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The 2018 African Youth Agripreneur Forum and AgriPitch Competition will be held in Abidjan, Cote d’Ivoire on 9 – 13 April 2018 under the theme “Technologies and Innovations for Youth in Agribusiness”.
Africa has the largest population share of young people in the world. According to the African Union, 60 percent of the population is below the age of 35 and there are 420 million youth aged 15-35 in Africa. This large share of the youth population is expected to continue growing for the next 20-30 years. More than 50 percent of the youth population in Africa currently live in rural areas but are most likely to move to urban centers in the future and become part of the pull for agricultural demand.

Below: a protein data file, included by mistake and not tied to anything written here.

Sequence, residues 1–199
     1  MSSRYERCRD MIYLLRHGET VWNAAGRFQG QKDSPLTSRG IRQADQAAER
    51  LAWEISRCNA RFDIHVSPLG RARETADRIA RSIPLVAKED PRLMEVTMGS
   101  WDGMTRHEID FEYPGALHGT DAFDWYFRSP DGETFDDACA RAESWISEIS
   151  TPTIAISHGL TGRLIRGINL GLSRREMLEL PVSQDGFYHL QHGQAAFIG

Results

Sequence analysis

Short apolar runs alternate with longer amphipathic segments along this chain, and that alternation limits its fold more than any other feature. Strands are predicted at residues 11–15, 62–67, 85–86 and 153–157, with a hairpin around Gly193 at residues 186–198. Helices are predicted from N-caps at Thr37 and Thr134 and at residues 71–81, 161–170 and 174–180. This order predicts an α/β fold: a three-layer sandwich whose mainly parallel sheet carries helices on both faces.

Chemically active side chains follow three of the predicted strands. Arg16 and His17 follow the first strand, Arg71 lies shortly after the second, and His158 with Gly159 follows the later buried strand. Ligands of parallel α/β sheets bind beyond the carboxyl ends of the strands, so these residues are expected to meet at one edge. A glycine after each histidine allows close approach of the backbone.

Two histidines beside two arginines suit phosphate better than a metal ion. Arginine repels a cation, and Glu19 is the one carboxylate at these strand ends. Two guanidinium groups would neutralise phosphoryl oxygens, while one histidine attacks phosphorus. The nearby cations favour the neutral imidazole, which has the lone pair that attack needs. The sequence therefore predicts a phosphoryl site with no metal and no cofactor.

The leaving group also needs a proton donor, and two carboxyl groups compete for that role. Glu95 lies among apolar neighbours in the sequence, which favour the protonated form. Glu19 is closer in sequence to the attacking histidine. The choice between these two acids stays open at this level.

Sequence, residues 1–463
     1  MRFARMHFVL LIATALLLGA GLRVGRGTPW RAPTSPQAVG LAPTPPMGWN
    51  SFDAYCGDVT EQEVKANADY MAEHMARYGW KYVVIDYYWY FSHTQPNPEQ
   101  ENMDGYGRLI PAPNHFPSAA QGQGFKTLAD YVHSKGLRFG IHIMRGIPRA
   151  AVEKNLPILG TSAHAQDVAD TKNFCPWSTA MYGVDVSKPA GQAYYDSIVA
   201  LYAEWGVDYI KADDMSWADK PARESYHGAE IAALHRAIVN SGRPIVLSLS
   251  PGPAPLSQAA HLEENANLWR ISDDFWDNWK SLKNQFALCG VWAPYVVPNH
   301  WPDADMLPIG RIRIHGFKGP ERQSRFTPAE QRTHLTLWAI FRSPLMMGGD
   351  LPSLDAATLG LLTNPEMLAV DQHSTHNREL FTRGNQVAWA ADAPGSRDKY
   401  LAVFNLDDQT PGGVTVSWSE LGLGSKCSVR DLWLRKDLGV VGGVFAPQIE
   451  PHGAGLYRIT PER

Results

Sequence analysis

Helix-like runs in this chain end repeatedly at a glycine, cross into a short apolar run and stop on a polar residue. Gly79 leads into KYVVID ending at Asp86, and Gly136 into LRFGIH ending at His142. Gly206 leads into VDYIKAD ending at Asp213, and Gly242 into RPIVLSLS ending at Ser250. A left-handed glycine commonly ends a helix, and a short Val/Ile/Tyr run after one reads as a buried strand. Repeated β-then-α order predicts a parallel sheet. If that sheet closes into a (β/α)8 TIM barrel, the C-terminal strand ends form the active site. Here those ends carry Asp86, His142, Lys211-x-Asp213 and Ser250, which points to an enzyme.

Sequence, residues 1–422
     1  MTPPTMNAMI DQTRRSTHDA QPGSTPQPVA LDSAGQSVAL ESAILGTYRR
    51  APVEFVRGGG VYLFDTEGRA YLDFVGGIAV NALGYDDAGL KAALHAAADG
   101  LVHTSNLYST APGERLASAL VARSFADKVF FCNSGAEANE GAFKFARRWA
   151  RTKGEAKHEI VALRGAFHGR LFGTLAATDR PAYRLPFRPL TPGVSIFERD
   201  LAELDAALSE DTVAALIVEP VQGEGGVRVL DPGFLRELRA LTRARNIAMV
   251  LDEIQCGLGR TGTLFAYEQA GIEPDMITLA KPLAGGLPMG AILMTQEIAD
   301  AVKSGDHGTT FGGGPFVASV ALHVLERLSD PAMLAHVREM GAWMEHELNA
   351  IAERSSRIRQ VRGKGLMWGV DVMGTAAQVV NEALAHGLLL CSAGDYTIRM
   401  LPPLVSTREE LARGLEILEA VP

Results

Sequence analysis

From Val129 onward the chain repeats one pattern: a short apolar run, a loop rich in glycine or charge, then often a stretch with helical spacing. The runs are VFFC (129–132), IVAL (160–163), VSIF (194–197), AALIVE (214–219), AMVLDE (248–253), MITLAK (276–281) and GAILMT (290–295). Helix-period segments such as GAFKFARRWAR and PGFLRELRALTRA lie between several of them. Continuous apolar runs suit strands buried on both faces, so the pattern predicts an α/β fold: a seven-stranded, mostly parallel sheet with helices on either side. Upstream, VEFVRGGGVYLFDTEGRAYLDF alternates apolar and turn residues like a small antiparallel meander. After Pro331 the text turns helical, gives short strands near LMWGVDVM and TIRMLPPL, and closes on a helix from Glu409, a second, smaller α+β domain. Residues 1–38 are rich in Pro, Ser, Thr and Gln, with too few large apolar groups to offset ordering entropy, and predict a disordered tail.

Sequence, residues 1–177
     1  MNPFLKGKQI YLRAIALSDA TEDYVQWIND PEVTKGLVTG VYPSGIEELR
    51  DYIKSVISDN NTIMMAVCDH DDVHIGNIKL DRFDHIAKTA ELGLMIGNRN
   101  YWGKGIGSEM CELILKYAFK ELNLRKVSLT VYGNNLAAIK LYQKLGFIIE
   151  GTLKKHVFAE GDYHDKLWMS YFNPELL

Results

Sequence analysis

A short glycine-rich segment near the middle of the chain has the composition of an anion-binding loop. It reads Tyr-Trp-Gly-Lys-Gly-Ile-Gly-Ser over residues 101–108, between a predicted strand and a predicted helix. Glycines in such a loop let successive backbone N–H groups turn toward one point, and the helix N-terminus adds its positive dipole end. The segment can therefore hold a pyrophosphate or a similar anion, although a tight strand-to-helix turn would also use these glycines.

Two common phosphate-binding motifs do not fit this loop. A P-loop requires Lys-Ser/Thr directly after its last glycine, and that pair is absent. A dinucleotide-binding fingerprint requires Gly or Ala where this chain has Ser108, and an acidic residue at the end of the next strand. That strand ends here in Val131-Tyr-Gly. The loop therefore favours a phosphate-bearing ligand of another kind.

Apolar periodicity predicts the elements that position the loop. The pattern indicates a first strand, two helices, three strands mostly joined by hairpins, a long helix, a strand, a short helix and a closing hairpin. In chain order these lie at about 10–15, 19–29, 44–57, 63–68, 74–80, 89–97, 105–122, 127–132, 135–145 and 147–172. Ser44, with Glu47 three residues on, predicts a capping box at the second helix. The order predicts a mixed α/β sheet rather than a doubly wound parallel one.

The majority of youth in Africa do not have stable economic opportunities. Youth are two to three times more likely than adults to be unemployed and the majority of the working youth are poor and employed in vulnerable, low quality jobs, in the informal sector. There are approximately 11-12 million youth entering the labour force every year in Africa – whereas only three million jobs are created annually, leaving a shortfall of 8-9 million youth without formal jobs. Lack of good jobs for the youth has become a major political concern and can be seriously destabilizing to the society.